Why Are You Writing This?
For a long time I’ve mulled over ideas of how System Security status, resource distribution and related mechanics don’t really make sense to me. CCP’s rules, while clear, seem to strongly favor certain areas over others in their outcomes. The above graph encapsulates my personal perception in graphic format. As I said on Twitter today, Lowsec needs more carrot, and Sov null needs more “null”.
The seeds of these thoughts go back to Mynxee’s efforts to improve lowsec (sadly, Mynxee’s blog appears to have disappeared) as well as things like Rixx Javix’s Gooder Eve series. I took a first stab at the subject matter in Stand By To Repel Boarders, my response to CK’s Blog Banter #21 in September 2010. In the end, I’ve decided to finally write the whole thing down, sparked by today’s Twitter debate about how bad the GCC mechanic is. That has already spawned several blog posts:
- Rixx Javix kicks it off with GCC Reform Now. I agree with him strongly on this matter, by the way.
- Rixx follows up several days later with Criminal Intentions – a semi-in-character justification that his -10 pirate is not really a criminal. This kicks off the real debate. In the next few hours:
- Garheade tweets numerous points suggesting that even highsec is not safe enough, and GCC and ratting are not punishment enough.
- I post the risk/reward graph above on Twitter.
- Logan Fyreite posts his rebuttal to Rixx’s article.
- Marc Scaurus posts his well-considered opinions on the matter.
- I post this introduction to my broader thoughts.
- Thansoli adds his take.
So despite all that buildup … I’ll address GCC later. TL;DR of that is that Rixx is in fact a criminal and GCC is horribly broken. But I’m a holistic kind of guy, so I’ll start from the big picture. We’ll get to GCC specifics in the Lowsec discussion.
High security space isn’t very exciting, but it’s very safe compared to the others. Not entirely safe mind you, but much more than the other options. Sovereign nullsec is extremely rewarding, and in many places nearly as safe as highsec for corps that have sovereignty in that area, but with less rule mechanics than highsec. These two places are unsurprisingly the home to most Eve players for these reasons – safety and/or income and power in numbers.
Wormholes are a middle ground where small groups can find sizable profits and decent safety (for the wise) for medium risk, but at significant inconvenience.
The rest – Lowsec and NPC Nullsec – is a wasteland. Risk to Reward ratio is a sad shadow of the others.
So… What is “Feudal Eve”?
Instead, if I ran CCP, I would throw this four- or five-tiered system out for one that is admittedly more complicated, but in my mind also more fair and that would incent broader use of the entire cluster as well as increased competition and conflict to keep the engine of Eve’s economy moving.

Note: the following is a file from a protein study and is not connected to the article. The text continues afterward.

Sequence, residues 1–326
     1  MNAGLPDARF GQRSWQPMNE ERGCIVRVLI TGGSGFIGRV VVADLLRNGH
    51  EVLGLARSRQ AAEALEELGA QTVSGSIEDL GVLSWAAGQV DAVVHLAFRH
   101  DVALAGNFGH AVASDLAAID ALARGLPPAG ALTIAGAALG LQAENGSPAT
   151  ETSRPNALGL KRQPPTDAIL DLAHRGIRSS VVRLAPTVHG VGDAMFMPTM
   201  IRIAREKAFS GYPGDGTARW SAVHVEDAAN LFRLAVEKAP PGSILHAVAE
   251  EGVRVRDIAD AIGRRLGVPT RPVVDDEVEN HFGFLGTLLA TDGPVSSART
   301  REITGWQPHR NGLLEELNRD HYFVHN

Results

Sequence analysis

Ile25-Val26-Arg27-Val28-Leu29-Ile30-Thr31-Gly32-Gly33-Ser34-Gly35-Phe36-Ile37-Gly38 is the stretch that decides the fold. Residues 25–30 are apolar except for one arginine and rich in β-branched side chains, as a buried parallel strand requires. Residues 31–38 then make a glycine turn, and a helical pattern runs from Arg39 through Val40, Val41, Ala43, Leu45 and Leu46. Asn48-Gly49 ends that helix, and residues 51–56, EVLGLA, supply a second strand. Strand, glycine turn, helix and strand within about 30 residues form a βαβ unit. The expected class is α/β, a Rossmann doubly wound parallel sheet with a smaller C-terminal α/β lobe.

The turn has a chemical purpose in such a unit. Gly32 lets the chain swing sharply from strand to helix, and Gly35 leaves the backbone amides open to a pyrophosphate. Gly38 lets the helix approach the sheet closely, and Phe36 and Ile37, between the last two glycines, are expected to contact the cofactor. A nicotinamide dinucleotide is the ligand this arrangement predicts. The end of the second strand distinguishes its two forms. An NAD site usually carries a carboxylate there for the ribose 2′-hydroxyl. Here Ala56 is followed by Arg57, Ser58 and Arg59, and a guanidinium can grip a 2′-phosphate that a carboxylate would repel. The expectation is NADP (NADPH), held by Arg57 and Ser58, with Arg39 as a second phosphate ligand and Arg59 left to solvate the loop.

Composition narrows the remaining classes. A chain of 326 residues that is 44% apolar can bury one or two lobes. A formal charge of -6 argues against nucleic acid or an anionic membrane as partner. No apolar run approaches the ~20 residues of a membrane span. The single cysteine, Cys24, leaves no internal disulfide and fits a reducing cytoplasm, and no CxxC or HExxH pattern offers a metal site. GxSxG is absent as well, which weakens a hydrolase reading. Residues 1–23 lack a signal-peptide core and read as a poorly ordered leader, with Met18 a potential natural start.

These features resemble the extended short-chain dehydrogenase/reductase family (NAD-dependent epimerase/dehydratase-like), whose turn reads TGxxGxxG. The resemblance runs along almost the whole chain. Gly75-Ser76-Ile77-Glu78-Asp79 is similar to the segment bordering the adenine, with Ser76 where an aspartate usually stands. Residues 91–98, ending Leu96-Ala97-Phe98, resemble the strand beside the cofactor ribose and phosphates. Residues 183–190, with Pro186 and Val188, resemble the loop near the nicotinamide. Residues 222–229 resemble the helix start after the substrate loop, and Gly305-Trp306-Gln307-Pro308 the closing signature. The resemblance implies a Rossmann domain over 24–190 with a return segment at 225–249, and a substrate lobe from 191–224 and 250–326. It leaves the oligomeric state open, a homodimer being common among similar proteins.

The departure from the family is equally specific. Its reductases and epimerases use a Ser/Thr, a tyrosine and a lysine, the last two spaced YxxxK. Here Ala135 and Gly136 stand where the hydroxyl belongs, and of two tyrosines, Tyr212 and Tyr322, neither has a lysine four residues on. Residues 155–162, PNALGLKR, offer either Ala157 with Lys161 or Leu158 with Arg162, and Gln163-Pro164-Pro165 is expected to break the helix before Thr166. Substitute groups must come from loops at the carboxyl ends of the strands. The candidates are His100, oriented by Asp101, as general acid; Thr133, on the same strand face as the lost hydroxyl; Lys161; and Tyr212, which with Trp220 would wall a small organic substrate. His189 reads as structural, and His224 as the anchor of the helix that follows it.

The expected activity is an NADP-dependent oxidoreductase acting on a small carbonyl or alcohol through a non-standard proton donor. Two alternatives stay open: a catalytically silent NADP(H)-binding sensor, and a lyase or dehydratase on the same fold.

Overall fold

The basic precept of this idea is that Eve is not “Empire vs. Nullsec” – the popular and CCP-promoted view of things. For a long time I thought about it as Rixx Javix suggests – like Lowsec is the wild west, complete with frontier towns and sheriffs. That, I think, is a good model for how things could be in lowsec. But it doesn’t work as well to describe a paradigm for the whole of Eve.
But the more thought I give it, I am convinced that a better analogy to be applied in order to bring a leveling factor to the game is feudal europe or city-state Greece.
At the heart, you have the major empires – “known civilization”. Rome. Greece. Persia. Egypt. Or France, Spain, England, Austria if you prefer. Or Athens, Corinth, etc. You get the picture. This is Eve Highsec.
Between them and around them lies land that they call theirs, but is in fact more the province of the local warlord, duke, earl, or count. The law – if it exists at all – is local, not national. This is Eve Lowsec. Sometimes, wars raged among the lands of these fiefdoms. This is Eve Facwar Lowsec.
Across the sea, over the mountains, or across the desert in feudal times were distant and strange civilizations – empires in their own right, but with unrecognizable customs, rules and laws – but just as secure, stable and massive as the known imperial powers. This is Eve Nullsec – we pretend like null dwellers are roving herds of marauders, when in fact they are closer to the Chin Dynasty. Sometimes, massive wars broke out between distant empires as well – as they do across sovereign nullsec.
Finally, there are mysterious and little-known regions from ancient days. Oases in the middle of the Sahara. Tibet. Switzerland. Iceland & Greenland. Atlantis. Places dangerous to reach, but relatively safe once arrived with proper preparation, planning and guidance. This is w-space in Eve.
Over time I hope to work my way through these different areas in regards to how Eve, and particularly security “zones” (i.e. high/low/wormhole/null), which I admittedly know to differing extents, could be changed for the better by viewing it through a “feudal lens”. I admit upfront that I am not a sov null dweller and I expect to make a few erroneous assumptions, which I am sure will get plenty of feedback.
To set this up, my base premise is that risk and reward should be matched. This means that real safety is the measure by which resources are distributed, and by which punishments and patrols are handed out. So, in order of highest security (and lowest resources):
- Tier 1: Safe
- Long-uncontested sovereign nullsec
- Tier 2: Risky
- Occasionally-contested sovereign nullsec
- Tier 3: Dangerous
- Faction War Lowsec
- Proven pirate havens (i.e. Rancer, Amamake, etc.)
- NPC Nullsec
- Current- and recently-contested sovereign nullsec